There are lots of differences among men and women. If there’s one thing that women probably don’t like, it’s how they are more susceptible to oral health problems because of hormonal changes. Hormones affect a woman’s health through two ways: they affect the amount of blood supplied to the gum tissue and they also play a role in the body’s response to toxins that come from plaque buildup.
Because of these, there are certain points in women’s lives that they are at great risk to periodontal disease and other dental ailments. Good thing, there are only about five situations when woman’s hormonal fluctuations invite oral health problems. These include puberty, menstrual cycle, during use of birth control pills, pregnancy, and menopause.
During puberty, a girl would have a surge in the production of estrogen and progesterone. These are female hormones that occur during puberty. They increase the flow of blood to the gums. They also change the way the gums respond to irritants. They cause the gum tissue to become inflamed, red, and tender. The gums are also more likely to bleed when a girl brushes flosses her teeth.
During the monthly menstrual cycle, a woman undergoes hormonal changes. The production of progesterone increases. Changes that a woman feels during this time include red and swollen gums, swollen salivary glands, bleeding gums, and canker sores. There’s also what they call menstruation gingivitis, which is a type of gum disease that shows up one to two days before the onset of the menstrual period. It goes away when the period has already started.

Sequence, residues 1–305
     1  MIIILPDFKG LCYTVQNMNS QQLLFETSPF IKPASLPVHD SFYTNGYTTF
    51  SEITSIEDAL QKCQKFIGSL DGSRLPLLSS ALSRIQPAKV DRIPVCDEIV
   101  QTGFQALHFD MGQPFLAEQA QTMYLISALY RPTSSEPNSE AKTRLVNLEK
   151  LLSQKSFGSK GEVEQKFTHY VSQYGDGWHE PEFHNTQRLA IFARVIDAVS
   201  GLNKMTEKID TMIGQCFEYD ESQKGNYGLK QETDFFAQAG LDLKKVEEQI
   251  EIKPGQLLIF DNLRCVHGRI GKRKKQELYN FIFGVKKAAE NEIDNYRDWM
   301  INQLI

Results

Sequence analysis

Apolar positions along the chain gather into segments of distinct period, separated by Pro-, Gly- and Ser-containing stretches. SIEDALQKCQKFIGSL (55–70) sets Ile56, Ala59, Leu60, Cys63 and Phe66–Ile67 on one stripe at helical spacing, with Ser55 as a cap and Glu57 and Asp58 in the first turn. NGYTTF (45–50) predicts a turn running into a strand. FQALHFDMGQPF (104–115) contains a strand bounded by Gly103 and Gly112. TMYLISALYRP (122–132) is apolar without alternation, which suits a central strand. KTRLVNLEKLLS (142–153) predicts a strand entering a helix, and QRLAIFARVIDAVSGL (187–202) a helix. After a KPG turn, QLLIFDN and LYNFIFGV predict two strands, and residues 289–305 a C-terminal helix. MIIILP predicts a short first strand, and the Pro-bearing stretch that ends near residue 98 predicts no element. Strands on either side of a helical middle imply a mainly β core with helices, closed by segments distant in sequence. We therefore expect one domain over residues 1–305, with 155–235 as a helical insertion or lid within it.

Use of birth control pills
The pill is the most common form of birth control. This oral contraceptive contains progesterone that increases the level of that hormone in the body. When you take this contraceptive, the gum tissues become inflamed when they come into contact with irritants from plaque. That’s the body’s exaggerated response to toxins inside the mouth. It’s a good idea to pay your dentist a visit if you’re going to take or if you are taking pills so you two can work out a plan on how to prevent this from becoming a bothersome issue for you.
Levels of hormones also change significantly during pregnancy. For one, the increased amount of progesterone can bring gum disease. This usually happens from the second to the eighth month of the pregnancy. This is called pregnancy gingivitis. Dentists usually recommend frequent professional cleaning during the second or third trimester to decrease the risk of developing this gum problem. Be sure to inform your dentist if you’re pregnant or you’re planning on having a baby.
So many changes in one’s oral health will occur as a woman ages. These include altered taste, burning sensation inside the mouth, increased sensitivity to hot or cold foods and drinks, and lower amounts of saliva inside the mouth that can lead to dry mouth. Dry mouth can result in various dental problems like tooth decay, gum disease, and so on. Not only that, the drop in estrogen after a woman has stopped having menstruation also makes her more prone to tooth loss.
To combat the dental problems that you may face when you are in any of these stages, be sure to do the following: brush your teeth twice a day with fluoride toothpaste, floss daily, visit your dentist twice a year, eat a well-balanced diet, stay away from sugary snacks, and have dry mouth treated with artificial saliva.